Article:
When the ex-partner and his family alerted social workers to Tustin, she simply ‘turned on the water works’, inflicting injuries on herself and accusing him of beating her and the children instead.

'Wicked' Tustin called 999 and told the operator Arthur had 'banged his head'. After police arrived at her home, the self-pitying stepmother cried and tried to convince the officers who attended the stick-thin boy had 'headbutted' her (pictured)

‘Wicked’ Tustin called 999 and told the operator Arthur had ‘banged his head’. After police arrived at her home, the self-pitying stepmother cried and tried to convince the officers who attended the stick-thin boy had ‘headbutted’ her (pictured)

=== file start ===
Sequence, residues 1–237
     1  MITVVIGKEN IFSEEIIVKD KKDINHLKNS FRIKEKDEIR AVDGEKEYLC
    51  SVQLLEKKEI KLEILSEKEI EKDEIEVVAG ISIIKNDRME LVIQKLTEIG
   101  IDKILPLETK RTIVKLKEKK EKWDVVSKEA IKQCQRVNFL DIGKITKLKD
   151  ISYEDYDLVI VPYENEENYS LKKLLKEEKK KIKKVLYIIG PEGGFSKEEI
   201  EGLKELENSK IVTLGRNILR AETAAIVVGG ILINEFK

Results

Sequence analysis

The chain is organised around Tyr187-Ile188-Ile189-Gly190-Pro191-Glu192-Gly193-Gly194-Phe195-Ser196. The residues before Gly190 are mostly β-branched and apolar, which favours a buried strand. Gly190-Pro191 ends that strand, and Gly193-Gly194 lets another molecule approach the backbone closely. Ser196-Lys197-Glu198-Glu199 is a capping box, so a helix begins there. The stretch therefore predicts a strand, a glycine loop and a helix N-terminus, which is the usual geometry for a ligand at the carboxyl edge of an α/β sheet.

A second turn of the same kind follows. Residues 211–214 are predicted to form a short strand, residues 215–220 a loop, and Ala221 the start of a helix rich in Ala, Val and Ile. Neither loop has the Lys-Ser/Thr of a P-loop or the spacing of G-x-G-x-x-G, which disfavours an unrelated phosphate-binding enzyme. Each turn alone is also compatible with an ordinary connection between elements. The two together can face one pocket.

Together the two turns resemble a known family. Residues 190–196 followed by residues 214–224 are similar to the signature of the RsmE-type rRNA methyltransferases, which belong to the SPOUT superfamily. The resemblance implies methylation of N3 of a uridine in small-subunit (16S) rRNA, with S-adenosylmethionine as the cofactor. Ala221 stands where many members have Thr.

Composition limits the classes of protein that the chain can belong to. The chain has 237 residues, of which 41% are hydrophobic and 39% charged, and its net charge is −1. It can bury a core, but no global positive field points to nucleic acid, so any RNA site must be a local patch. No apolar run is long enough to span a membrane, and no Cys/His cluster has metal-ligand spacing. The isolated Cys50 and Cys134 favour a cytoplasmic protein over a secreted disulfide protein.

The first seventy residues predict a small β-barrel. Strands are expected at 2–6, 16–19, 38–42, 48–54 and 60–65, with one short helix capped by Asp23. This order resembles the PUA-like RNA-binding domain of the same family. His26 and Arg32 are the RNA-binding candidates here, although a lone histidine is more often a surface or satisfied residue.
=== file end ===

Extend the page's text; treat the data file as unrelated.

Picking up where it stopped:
Arthur Labinjo-Hughes

Arthur Labinjo-Hughes

Pictured: Arthur’s mother Olivia, who is currently in prison, described her son’s murder as ‘harrowing and incomparable’

A handout photo issued by West Midlands Police of Arthur. With schools closed, welfare checks by Arthur’s teachers amounted only to calls, then texts and emails – exchanges in which Hughes claimed Arthur was ‘grand’

A handout photo issued by West Midlands Police of Arthur. With schools closed, welfare checks by Arthur’s teachers amounted only to calls, then texts and emails – exchanges in which Hughes claimed Arthur was ‘grand’

‘Social services have blood on their hands,’ he said. ‘If they had heeded our warnings then little Arthur might still be alive. Unfortunately, in terms of child welfare and social services, it is a woman’s world. The man is never believed.’